Win or Lose in Utah, conservative Evan McMullin must play a role in the future GOP
A week before the election, no-named ex-CIA operative turned conservative presidential candidate Evan McMullin released a Facebook video with his running mate, Mindy Finn. In the video, McMullin, a Mormon, proclaims himself a staunch pro-life advocate.
“That’s my faith; that’s my heart, and that’s how I’ll lead,” the 40-year old says. His running mate, a 36-yeard old mother of two, adds that being pro-life “Isn’t just a campaign slogan.” The two go on to promise to promote pro-life judges to the bench, and to encourage adoption over abortion.
It’s a touching video: authentic, humble, and indicative of the social conservativism that the longshot presidential candidate has championed ever since declaring a run for president on August 8th. It’s also the kind of video, and the kind of exposition of values, that has helped McMullin surge in the polls in his native state of Utah. Not only is he polling close to or near Trump, but renowned statistics website FiveThiryEight gives McMullin a 25 percent chance of winning the state come Tuesday.
That McMullin has had success in Utah should come as no surprise; the LDS Church, after all, is staunchly conservative, especially on social issues. Having lived in Utah for two years, I was often struck at how similar the Mormon population viewed the importance of social conservativism to not just the faith of its members, but society at large. Placing an emphasis on the family, the brand of social conservativism native to Utah and its Mormon population was in many ways what I’d come to admire from my Catholic background. Indeed, the LDS Church has been right alongside the Catholic Church in rebuking the Obama administration in its policies that threaten religious freedom, embracing a culture of life, and promoting the family.
McMullin has been right there with his faith community, as well as other faith communities, in calling attention to the various laws that threaten religious liberty. In August he told FreedomCrossroads.com that he supports the rights of business owners, such as bakers or florists, to politely refuse service if it interferes with their religious beliefs. Above all, he’s been vocal in defending life from conception to natural death. A statement on his website reads that “A culture that subsidizes abortion on demand runs counter to the fundamental American belief in the potential of every person – it undermines the dignity of mother and child alike.”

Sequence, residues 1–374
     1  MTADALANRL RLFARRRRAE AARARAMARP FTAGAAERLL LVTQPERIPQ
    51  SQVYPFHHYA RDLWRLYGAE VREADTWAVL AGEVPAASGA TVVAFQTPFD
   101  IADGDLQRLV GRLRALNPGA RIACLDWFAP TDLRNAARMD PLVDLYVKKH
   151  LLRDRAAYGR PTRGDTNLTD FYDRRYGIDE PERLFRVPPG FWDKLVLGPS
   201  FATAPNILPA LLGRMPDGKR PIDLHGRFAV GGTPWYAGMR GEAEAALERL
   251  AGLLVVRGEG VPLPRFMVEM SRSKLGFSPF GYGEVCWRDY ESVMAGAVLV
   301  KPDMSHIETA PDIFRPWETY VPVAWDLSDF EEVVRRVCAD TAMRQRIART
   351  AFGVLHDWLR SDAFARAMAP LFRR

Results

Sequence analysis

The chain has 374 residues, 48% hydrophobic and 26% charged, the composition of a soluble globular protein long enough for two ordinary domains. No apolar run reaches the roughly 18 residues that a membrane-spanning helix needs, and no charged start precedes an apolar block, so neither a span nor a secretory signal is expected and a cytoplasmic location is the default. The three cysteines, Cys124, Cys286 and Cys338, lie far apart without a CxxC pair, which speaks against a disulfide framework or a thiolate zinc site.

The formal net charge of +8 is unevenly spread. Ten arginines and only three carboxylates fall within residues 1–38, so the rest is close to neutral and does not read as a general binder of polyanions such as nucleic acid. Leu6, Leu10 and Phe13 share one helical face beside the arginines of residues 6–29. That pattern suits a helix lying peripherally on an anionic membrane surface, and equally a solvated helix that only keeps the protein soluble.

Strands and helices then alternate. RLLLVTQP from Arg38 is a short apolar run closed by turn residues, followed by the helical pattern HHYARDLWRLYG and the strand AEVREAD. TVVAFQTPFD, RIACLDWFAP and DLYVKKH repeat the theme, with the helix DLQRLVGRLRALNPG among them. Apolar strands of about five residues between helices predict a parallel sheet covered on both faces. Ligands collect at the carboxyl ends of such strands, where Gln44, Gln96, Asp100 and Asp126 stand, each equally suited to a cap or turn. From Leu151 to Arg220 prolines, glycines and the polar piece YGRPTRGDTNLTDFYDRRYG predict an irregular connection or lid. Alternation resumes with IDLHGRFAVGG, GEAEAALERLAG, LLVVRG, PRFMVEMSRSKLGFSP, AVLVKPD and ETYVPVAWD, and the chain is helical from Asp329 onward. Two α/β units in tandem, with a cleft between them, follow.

It is statements like these that make McMullin’s sudden relevancy more important than ever. Win or lose, Donald Trump will leave a legacy of fracturing the GOP in ways from which the party may never recover. While Trump has consistently made promises to protect religious freedom and appoint pro-life judges (promises he recently made on EWTN) he’s brought a new ‘Republican’ voter into the fold who is neither patiently pro-life, nor particularly sympathetic to social conservativism. Indeed, many of Trump’s most vocal supporters, including PayPal founder and billionaire Peter Thiel, have libertarian backgrounds that tend to treat issues like abortion and religious freedom as periphery matters. That is to say nothing of Trump’s past indiscretions towards women, or the harshness with which he’s treated other issues related to immigration, the second amendment, and foreign policy.
For social conservatives who risk either a backseat in a Trump presidency or complete expulsion under a Clinton presidency, the prospect that pro-life and religious freedom issues will play a role in future elections looks, well, bleak. Yet as Avi Woold wrote in the National Review a week ago, social conservativism is neither dead nor something that Republicans (or any American) should wish for. Instead, social conservatives like McMullin serve as a check to the extremes on the Left and on the Right, and articulate the philosophical basis from which we define our laws and our values.
What makes McMullin’s social conservativism unique is that it’s younger, fresher, and more inclusive. That’s not to say it compromises on principles; rather, in reaching out to all Americans, including people or all faiths and no faith, McMullin looks to take social conservativism from a primarily white male evangelical platform, and broaden its base to anyone who has ever really thought about the meaning of freedom, family, and respect for human life. And while he may be forgotten when it comes to his role in the 2016 election, Catholics and other people of faith would be well served to encourage his continued advancement in politics.